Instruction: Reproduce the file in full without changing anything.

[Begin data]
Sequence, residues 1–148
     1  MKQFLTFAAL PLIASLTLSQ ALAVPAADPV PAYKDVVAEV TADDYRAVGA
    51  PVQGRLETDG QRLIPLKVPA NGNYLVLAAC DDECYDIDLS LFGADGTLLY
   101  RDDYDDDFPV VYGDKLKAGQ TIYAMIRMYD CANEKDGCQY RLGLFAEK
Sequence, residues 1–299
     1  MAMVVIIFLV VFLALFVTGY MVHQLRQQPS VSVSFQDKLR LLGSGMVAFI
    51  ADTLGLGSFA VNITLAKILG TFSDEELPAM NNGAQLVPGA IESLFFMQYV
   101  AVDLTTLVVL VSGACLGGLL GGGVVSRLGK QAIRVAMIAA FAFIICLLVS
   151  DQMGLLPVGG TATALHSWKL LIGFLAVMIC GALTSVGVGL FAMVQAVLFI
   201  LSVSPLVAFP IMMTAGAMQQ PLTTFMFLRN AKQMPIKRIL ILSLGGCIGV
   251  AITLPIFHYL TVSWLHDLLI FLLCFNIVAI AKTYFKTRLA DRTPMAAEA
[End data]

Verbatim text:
Sequence, residues 1–148
     1  MKQFLTFAAL PLIASLTLSQ ALAVPAADPV PAYKDVVAEV TADDYRAVGA
    51  PVQGRLETDG QRLIPLKVPA NGNYLVLAAC DDECYDIDLS LFGADGTLLY
   101  RDDYDDDFPV VYGDKLKAGQ TIYAMIRMYD CANEKDGCQY RLGLFAEK
Sequence, residues 1–299
     1  MAMVVIIFLV VFLALFVTGY MVHQLRQQPS VSVSFQDKLR LLGSGMVAFI
    51  ADTLGLGSFA VNITLAKILG TFSDEELPAM NNGAQLVPGA IESLFFMQYV
   101  AVDLTTLVVL VSGACLGGLL GGGVVSRLGK QAIRVAMIAA FAFIICLLVS
   151  DQMGLLPVGG TATALHSWKL LIGFLAVMIC GALTSVGVGL FAMVQAVLFI
   201  LSVSPLVAFP IMMTAGAMQQ PLTTFMFLRN AKQMPIKRIL ILSLGGCIGV
   251  AITLPIFHYL TVSWLHDLLI FLLCFNIVAI AKTYFKTRLA DRTPMAAEA